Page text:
Augustine was wrong about evil. It is not merely the absence of God or goodness. If that were true, a vacuum, by definition, would be evil. No. Evil is a project. It has an intention. And it has victims--although we are its final victims. It works by using us against our better selves; and in a case such as Lennon, Malcolm X, Lincoln, or Kennedy, it reminds us that if it has to, if pushed far enough, Evil will blow its cover and crawl out of the woodwork... and shoot these guys.

Walking past the Dakota, the place still feels evil. No act of violence is ever, as it were, random. Whether it be a drunken car crash, or an assassination, or an incident of wife-beating, this kind of human activity requires a certain social milieu. And the social milieu of overt violence has survived. So John Lennon reminds us that any public figure who witnesses our hypocrisies will always be a candidate for defamation or elimination. That you can take to the bank.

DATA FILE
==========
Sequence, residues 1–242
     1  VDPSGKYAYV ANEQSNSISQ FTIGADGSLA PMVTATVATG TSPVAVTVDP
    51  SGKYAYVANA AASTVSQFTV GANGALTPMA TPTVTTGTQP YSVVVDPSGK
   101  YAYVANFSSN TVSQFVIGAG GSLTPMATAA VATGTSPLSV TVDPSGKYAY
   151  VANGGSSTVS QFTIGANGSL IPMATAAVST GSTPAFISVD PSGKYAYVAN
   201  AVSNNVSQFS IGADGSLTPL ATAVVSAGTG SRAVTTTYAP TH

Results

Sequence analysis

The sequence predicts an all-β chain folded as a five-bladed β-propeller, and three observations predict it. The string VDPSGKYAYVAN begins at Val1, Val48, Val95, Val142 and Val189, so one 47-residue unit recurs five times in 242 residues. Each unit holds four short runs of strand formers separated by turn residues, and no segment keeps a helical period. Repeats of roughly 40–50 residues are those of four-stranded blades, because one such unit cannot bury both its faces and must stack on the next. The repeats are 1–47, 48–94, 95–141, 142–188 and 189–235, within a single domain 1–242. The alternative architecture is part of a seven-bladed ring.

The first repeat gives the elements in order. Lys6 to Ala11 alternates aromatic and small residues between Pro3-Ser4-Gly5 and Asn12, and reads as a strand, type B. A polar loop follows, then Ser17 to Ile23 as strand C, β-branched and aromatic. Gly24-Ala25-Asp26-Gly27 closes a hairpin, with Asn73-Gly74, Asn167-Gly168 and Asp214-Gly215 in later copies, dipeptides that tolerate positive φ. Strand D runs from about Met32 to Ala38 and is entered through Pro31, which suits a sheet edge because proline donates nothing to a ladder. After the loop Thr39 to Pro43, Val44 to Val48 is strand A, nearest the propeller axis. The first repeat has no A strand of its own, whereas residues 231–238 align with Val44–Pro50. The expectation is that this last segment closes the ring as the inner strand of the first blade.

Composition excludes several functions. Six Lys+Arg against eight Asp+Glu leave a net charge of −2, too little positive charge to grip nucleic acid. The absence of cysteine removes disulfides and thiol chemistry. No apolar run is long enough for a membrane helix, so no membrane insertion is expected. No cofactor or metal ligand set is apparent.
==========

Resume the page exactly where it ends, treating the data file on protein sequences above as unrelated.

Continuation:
Still, someday, hopefully, we will be able to live without hierarchies, fear, or even myths like that of John Lennon mystically looming over our heads. Someday, hopefully, we will cease to be a civilization of giants and dwarfs. Someday, hopefully, the very notion of a hero, genius, sports fan, and saint will become obsolete. And on that day, when the giants and dwarfs leave for some far-off, mad-cap, Sadomasochistic Convention, humanity will return to our land. And on that day, the only larger-than-life character will be a free-agent Mickey, hauled down Broadway, by parents, for their children’s amusement on Thanksgiving morning. Santa, of course, was never, ever larger than life.